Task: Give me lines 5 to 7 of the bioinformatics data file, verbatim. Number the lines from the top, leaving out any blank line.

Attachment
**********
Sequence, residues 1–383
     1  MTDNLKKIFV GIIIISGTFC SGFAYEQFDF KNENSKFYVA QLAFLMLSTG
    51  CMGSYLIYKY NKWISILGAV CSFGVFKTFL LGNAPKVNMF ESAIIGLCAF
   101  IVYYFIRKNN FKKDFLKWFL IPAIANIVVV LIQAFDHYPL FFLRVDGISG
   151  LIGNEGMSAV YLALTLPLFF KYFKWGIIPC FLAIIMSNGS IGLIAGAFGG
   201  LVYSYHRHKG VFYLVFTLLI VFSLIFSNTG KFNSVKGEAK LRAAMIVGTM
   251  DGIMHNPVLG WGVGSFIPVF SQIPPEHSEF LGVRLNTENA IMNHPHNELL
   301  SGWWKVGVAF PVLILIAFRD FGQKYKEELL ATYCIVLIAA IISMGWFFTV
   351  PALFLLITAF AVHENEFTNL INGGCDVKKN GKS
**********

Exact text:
   151  LIGNEGMSAV YLALTLPLFF KYFKWGIIPC FLAIIMSNGS IGLIAGAFGG
   201  LVYSYHRHKG VFYLVFTLLI VFSLIFSNTG KFNSVKGEAK LRAAMIVGTM
   251  DGIMHNPVLG WGVGSFIPVF SQIPPEHSEF LGVRLNTENA IMNHPHNELL